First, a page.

Mickel Mesa Ramirez, et al v. Attorney General United State


NOT PRECEDENTIAL OPINION Coram: HARDIMAN, ROTH and FISHER, Circuit Judges. Total Pages: 5. Judge: ROTH Authoring.

Download PDF
Case: 16-2713 Document: 003112781583 Page: 1 Date Filed: 11/17/2017 NOT PRECEDENTIAL UNITED STATES COURT OF APPEALS FOR THE THIRD CIRCUIT ________________ No. 16-2713 ________________ MICKEL MESA RAMIREZ a/k/a Mickel Mesa, Petitioner v. ATTORNEY GENERAL OF THE UNITED STATES OF AMERICA, Respondent ________________ On Petition for Review of an Order of the Board of Immigration Appeals (Agency No. A044-686-503) Immigration Judge: Leo A. Finston ________________ Submitted under Third Circuit LAR 34.1(a) on May 24, 2017 Before: HARDIMAN, ROTH and FISHER, Circuit Judges (Opinion filed: November 17, 2017) ________________ OPINION* ________________ * This disposition is not an opinion of the full Court and pursuant to I.O.P. 5.7 does not constitute binding precedent. Case: 16-2713 Document: 003112781583 Page: 2 Date Filed: 11/17/2017 ROTH, Circuit Judge Mickel Mesa Ramirez, an immigrant who was ordered removed because of his multiple criminal convictions, petitions for relief from an order denying his motion to reopen his case and reissue a previous Board of Immigration Appeals (BIA) order. For the foregoing reasons, we will deny in part, and dismiss in part, Mesa’s petition for review. I. Mesa, a citizen of the Dominican Republic and a permanent resident of the United States, was ordered removed in May 2014 on account of his numerous criminal convictions, including various possession of controlled substances charges and one distribution charge. Mesa appealed to the BIA, and the BIA affirmed the removal order. Mesa was ineligible for cancellation of removal because his distribution charge was designated as an aggravated felony. Accordingly, Mesa was deported in January 2015. After he was deported, the Superior Court of New Jersey vacated the conviction for his aggravated felony charge based on ineffective assistance of counsel, rendering him eligible for cancellation of removal. On July 2, 2015, the BIA received Mesa’s motion to reopen his case.1 Later in the month, the National Immigration Project of the National Lawyers Guild requested to file an amicus brief in this appeal. In August 2015, the BIA denied the motion to reopen on timeliness grounds, as the motion was filed more than 90 days after the final administrative order. Because Mesa 1 Notably, Mesa filed his appeal on April 2, 2015, but the BIA rejected it because he failed to file a change of address form. 2 Case: 16-2713 Document: 003112781583 Page: 3 Date Filed: 11/17/2017 claims that he was not served with notice of this decision, in October 2015, he requested that the BIA reissue the decision; when this was denied, he renewed his request in February 2016. In March 2016, the BIA vacated the August 2015 decision and issued an Amended Order clarifying that it had accepted the National Lawyers Guild as amicus curiae, but again denying Mesa’s motion to reopen. Days later, Mesa submitted yet another motion to reissue and reopen. On May 13, 2016, the BIA construed Mesa’s latest request to reissue and reopen as a motion to reopen and reconsider; it again denied both motions. Mesa then timely petitioned for review to this Court. II.2 On appeal, Mesa raises numerous arguments, including that 1) the BIA erroneously construed Mesa’s May 2016 motion to reopen and reissue as a motion to reopen and reconsider, 2) this Court should review the BIA’s decision from August 2015 because Mesa was never served with it, and 3) the BIA erroneously denied his motion to reopen. For the following reasons, we do not find any of these arguments meritorious. A. Mesa first argues that the BIA erroneously failed to rule on Mesa’s motion to reissue. Mesa correctly notes that while his motion was titled a motion to reopen and reissue, the BIA construed it as a motion to reopen and reconsider because the BIA thought he was “not actually seeking reissuance.”3 2 We have jurisdiction over petitions for review of final agency decisions under 8 U.S.C. § 1252. 3 App. 2 n.1. 3 Case: 16-2713 Document: 003112781583 Page: 4 Date Filed: 11/17/2017 While the BIA did disregard the title of the motion, its decision to construe the motion as a motion for reconsideration and not a motion to reissue was not erroneous.4 The BIA has the ability to construe a motion when it is erroneously titled.5 Here, the opinion Mesa requested to be reissued was already vacated,6 rendering its reissuance an impossibility. Additionally, the motion does not mention reissuance anywhere other than the title; the substance of the body discusses the motion to reopen and Mesa’s remaining removable acts.7 Accordingly, the BIA liberally construed the motion as a motion for reconsideration in Mesa’s favor. B. Mesa alternatively requests that we review the BIA’s August 2015 decision because his petition for review of that decision is still timely. A petition for review must be filed within 30 days of the final order of removal,8 and this period does not begin until the BIA mails its decision to the petitioner’s address of record.9 Mesa claims that 4 Circuits have reviewed this decision under inconsistent standards. Compare Krougliak v. I.N.S., 289 F.3d 457, 460 (7th Cir. 2002) (applying abuse of discretion), with Wang v. Ashcroft, 260 F.3d 448, 452 (5th Cir. 2001) (applying plain error). Under any of these standards, however, the BIA’s decision was proper. 5 See, e.g., Krougliak, 289 F.3d at 461 (approving the BIA’s construction of a motion to remand as a motion to reopen); Wang, 260 F.3d at 452 (same). 6 App. 28 n. 1. 7 App. 14-17. 8 8 U.S.C. § 1252(b)(1). Because the denial of a motion to reopen is also a final order of removal, Jahjaga v. Attorney Gen. of U.S., 512 F.3d 80, 82 (3d Cir. 2008) (citing Cruz v. Attorney Gen. of U.S., 452 F.3d 240, 246 (3d Cir. 2006)), this statute of limitations applies here. 9 Singh v. I.N.S., 315 F.3d 1186, 1188 (9th Cir. 2003) (citation omitted); see also Radkov v. Ashcroft, 375 F.3d 96, 99 (1st Cir. 2004). 4 Case: 16-2713 Document: 003112781583 Page: 5 Date Filed: 11/17/2017 because the August 2015 decision was never served on him, his appeal remains timely. We disagree. Mesa contends that he never received the decision because the BIA’s decision did not purport to have been mailed to the Dominican Republic. However, in July 2015 Mesa requested that any letters “continue to be mailed to” his sister’s address, as it is “easier for her to receive [his] documents.”10 He filed a change-of-address form, indicating that his sister’s New Jersey address should be the address of record,11 and the August 2015 decision was mailed to this address.12 Mesa does not allege that the decision did not arrive at the address on record; accordingly, the thirty-day period in which to file a petition for review has expired, and his petition for review is untimely. C. Finally, Mesa appeals the BIA’s August 2015 denial of his motion to reopen. Because this petition for review is untimely, as noted above, we need not discuss its merits. III. For the aforementioned reasons, we will dismiss in part and deny in part the petition for review. 10 App. 130. App. 131. 12 App. 59. 11 5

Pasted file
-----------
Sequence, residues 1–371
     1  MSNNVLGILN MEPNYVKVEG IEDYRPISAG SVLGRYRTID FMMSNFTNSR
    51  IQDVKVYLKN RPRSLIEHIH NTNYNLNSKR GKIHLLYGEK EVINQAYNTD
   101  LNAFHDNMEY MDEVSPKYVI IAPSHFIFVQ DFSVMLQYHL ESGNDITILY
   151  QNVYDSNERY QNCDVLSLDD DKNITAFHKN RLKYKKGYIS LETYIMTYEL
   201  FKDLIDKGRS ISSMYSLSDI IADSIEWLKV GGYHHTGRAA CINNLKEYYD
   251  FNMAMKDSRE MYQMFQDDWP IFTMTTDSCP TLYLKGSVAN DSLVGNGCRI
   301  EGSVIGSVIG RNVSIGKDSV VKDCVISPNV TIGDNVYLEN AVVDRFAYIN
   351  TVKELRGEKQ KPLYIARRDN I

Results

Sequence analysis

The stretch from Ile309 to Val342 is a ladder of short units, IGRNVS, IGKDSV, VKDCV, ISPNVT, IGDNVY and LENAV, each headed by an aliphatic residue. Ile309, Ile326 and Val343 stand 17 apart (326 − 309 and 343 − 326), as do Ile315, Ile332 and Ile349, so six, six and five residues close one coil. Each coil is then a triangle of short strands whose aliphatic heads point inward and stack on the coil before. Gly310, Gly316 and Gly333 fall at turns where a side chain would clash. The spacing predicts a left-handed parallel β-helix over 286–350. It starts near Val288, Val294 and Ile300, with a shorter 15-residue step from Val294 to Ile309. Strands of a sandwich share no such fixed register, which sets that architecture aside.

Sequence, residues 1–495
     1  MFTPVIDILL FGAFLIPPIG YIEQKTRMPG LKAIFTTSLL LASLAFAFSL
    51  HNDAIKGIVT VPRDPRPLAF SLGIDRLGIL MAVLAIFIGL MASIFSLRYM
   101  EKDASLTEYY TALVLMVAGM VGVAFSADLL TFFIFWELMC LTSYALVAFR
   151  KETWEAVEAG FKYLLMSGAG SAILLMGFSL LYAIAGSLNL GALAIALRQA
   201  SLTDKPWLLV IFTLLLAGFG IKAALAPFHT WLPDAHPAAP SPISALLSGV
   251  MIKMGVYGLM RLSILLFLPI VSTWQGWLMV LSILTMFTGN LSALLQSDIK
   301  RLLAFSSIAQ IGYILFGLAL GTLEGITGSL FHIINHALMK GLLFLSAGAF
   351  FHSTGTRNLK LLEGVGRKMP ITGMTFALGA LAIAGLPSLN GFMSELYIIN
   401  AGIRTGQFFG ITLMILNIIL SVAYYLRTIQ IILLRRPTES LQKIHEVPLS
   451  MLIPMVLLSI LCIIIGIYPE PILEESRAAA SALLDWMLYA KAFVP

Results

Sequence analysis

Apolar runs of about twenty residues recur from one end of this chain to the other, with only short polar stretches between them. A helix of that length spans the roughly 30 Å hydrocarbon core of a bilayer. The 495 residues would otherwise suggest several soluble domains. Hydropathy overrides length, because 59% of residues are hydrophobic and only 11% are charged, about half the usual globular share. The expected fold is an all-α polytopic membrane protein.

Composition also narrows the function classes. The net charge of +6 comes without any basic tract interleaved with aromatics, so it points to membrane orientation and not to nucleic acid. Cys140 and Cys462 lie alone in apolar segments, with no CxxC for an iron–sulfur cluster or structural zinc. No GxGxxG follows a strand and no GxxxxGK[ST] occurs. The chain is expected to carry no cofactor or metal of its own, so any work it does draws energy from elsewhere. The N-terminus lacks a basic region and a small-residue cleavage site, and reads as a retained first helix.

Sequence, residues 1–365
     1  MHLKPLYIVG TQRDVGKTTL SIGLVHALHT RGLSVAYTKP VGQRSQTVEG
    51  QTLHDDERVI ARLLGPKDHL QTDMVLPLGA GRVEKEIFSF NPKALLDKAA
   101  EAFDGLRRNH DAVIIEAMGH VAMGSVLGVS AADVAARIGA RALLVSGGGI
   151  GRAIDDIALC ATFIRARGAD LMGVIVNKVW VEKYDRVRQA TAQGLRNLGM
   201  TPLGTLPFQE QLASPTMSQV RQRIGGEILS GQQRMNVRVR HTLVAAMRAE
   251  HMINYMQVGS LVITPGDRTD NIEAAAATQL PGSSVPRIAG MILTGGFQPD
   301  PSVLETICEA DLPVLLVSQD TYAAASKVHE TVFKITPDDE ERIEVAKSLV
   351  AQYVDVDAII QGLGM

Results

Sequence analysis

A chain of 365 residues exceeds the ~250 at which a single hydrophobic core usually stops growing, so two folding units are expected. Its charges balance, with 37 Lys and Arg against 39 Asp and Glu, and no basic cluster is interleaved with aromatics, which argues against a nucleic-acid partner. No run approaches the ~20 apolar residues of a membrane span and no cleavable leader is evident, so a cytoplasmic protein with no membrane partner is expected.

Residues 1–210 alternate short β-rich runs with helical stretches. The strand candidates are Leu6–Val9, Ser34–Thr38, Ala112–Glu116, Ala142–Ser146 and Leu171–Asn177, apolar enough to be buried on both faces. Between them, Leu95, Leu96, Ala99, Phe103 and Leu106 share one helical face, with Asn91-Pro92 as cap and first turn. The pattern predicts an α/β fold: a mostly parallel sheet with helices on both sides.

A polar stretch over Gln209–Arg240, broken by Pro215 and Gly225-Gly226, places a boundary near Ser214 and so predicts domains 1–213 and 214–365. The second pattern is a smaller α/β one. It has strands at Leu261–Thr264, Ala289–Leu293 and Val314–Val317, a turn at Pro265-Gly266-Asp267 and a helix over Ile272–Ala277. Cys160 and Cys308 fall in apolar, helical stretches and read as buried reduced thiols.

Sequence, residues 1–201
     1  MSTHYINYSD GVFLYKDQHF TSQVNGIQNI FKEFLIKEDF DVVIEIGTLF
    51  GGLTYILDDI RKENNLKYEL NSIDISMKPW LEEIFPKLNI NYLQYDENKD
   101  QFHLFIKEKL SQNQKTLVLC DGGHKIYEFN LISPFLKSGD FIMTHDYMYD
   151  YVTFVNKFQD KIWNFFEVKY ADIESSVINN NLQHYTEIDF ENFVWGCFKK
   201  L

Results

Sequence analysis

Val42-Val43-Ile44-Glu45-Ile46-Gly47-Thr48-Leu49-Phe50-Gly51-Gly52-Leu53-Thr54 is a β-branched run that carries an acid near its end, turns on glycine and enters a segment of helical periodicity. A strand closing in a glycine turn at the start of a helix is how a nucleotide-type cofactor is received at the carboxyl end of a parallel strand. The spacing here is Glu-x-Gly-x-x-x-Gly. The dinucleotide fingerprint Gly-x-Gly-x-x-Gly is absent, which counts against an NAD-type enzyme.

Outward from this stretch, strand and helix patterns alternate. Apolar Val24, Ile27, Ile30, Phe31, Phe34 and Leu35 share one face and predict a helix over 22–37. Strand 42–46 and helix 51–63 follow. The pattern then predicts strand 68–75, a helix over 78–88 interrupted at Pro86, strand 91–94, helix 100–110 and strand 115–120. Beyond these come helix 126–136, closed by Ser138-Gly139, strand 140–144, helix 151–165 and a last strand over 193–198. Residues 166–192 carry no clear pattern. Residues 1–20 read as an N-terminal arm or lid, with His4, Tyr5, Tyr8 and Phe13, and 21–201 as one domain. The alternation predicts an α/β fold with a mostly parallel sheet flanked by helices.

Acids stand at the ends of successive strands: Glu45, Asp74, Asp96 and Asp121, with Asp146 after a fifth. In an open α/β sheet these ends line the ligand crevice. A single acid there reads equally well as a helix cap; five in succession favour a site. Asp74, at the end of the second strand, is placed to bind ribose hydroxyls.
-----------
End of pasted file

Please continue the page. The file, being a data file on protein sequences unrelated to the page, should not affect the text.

Disclaimer: Justia Dockets & Filings provides public litigation records from the federal appellate and district courts. These filings and docket sheets should not be considered findings of fact or liability, nor do they necessarily reflect the view of Justia.

Why Is My Information Online?